Fact-checkers overwhelmed by volume of images coming out of Ukraine

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Fact-checkers overwhelmed by volume of images coming out of Ukraine



Fact-checkers overwhelmed by volume of images coming out of Ukraine

Fact-checkers overwhelmed by volume of images coming out of Ukraine

Online sleuths use publicly available data to find out what's really happening on the ground

A man lying on the ground, clutching what appears to be a severed leg, screams in agony. The pro-Russia account that posted the video days before the Russian invasion of Ukraine claimed the man was a victim of a Ukrainian attack. But skeptics were quick to point out the leg was a prosthetic.

While an unsophisticated fake, it's one of the thousands of images flooding social media around the invasion of Ukraine, keeping fact-checkers, like Giancarlo Fiorella, with Bellingcat, very busy.

Bellingcat, which takes its name from an old fable about mice conspiring to neutralize the threat of a cat by putting a bell on it, is a collective of researchers, analysts and journalists who sleuth online using publicly available data — or open-source intelligence — to hunt down the origin of images, videos and information.  

"We're all hands on deck on this at the moment," said Fiorella, speaking from Amsterdam.

Open-source intelligence investigators use a wide variety of tools to verify the images they are seeing, including the metadata embedded in pictures and videos, as well as geolocation tools, which help pinpoint the time and place an image was captured.

"The real challenge when it comes to Russian disinformation — at least what we've seen for the invasion of Ukraine now — is the volume of it. Just the sheer quantity of events that they're flooding social media with," Fiorella said. "There's so much of it."

Giancarlo Fiorella works with the journalism collective Bellingcat to verify images and reports of attacks, damage and casualties coming out of Ukraine. (Submitted by Giancarlo Fiorella)

Several Western governments, including Canada, the U.S., the U.K. and the European Commission, are also vowing to fight Russian disinformation amid the ongoing invasion.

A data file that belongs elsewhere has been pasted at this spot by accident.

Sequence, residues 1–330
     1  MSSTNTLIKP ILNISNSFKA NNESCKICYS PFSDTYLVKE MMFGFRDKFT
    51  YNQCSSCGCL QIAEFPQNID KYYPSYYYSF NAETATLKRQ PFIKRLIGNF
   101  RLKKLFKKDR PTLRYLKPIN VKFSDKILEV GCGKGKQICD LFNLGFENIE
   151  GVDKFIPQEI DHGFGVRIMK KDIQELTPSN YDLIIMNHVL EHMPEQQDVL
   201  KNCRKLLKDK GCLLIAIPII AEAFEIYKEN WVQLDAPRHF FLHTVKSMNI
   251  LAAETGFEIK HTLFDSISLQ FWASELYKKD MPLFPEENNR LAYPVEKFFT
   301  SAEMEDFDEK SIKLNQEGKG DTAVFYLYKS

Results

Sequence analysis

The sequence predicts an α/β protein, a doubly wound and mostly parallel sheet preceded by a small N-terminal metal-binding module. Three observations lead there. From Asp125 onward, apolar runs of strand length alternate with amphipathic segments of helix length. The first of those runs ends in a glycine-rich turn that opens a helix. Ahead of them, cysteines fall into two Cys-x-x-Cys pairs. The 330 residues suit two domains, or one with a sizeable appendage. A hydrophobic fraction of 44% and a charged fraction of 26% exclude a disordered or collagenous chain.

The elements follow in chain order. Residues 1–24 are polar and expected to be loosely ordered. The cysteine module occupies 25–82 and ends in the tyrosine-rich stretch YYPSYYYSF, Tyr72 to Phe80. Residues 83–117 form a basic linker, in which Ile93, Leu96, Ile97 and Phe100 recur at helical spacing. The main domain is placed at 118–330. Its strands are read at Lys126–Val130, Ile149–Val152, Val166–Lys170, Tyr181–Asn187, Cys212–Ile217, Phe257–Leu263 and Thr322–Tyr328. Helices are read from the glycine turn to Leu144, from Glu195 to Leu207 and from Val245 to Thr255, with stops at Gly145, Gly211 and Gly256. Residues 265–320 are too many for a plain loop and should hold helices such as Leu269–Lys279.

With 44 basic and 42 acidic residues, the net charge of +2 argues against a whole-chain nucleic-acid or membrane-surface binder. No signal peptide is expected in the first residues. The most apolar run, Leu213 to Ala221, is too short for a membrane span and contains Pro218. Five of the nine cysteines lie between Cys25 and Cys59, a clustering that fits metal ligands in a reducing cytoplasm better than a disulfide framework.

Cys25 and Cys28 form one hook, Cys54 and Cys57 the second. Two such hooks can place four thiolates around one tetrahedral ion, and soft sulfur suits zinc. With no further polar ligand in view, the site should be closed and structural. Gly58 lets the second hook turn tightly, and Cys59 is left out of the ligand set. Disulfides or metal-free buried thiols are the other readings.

In a joint statement issued Saturday announcing fresh sanctions on Russia, including blocking some Russian banks from the SWIFT global banking system, the allies committed to "step up or co-ordination against disinformation and other forms of hybrid warfare."

Investigators focused on Ukraine images

Bellingcat, which has documented numerous incidents of Russian aggression over the years, tends to focus on humanitarian concerns. Right now, though, they are using that focus to triage the steady stream of information bombarding social media and verifying images of destruction and potential war crimes.

In one recent example from Ukraine, Bellingcat investigators were able to use geolocation data to verify some images and match them to reports of damage to some apartment buildings from a Russian attack near the city of Chuhuiv. This created a trusted visual record of damage on the ground.

"We're trying to focus on incidents that show damage to civilian infrastructures, like buildings, or civilian casualties," Fiorella said. "It's been heartbreaking to see the videos and the images of residential areas in Ukraine being targeted indiscriminately by Russian shelling."

Most of the images the group has encountered have come through Telegram, a messaging app created by two Russian tech entrepreneurs that is widely used in eastern Europe.

Fiorella says Bellingcat's work in the short term is to provide people with an accurate account of what is happening in real time. But in the longer term, it's about establishing a record, which it posts on its website and social media.

The evidence they gather, he said, will "hopefully make its way to a courtroom at some point in the future."